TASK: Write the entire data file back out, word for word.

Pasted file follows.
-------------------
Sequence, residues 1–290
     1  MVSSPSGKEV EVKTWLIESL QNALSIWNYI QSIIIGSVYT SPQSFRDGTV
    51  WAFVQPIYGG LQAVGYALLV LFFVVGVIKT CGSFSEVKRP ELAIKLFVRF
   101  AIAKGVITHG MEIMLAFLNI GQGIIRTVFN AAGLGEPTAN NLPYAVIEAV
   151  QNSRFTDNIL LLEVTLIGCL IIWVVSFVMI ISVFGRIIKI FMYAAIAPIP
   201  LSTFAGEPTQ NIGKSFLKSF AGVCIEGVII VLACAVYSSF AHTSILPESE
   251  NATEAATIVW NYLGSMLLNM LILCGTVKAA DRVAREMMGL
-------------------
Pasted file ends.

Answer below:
Sequence, residues 1–290
     1  MVSSPSGKEV EVKTWLIESL QNALSIWNYI QSIIIGSVYT SPQSFRDGTV
    51  WAFVQPIYGG LQAVGYALLV LFFVVGVIKT CGSFSEVKRP ELAIKLFVRF
   101  AIAKGVITHG MEIMLAFLNI GQGIIRTVFN AAGLGEPTAN NLPYAVIEAV
   151  QNSRFTDNIL LLEVTLIGCL IIWVVSFVMI ISVFGRIIKI FMYAAIAPIP
   201  LSTFAGEPTQ NIGKSFLKSF AGVCIEGVII VLACAVYSSF AHTSILPESE
   251  NATEAATIVW NYLGSMLLNM LILCGTVKAA DRVAREMMGL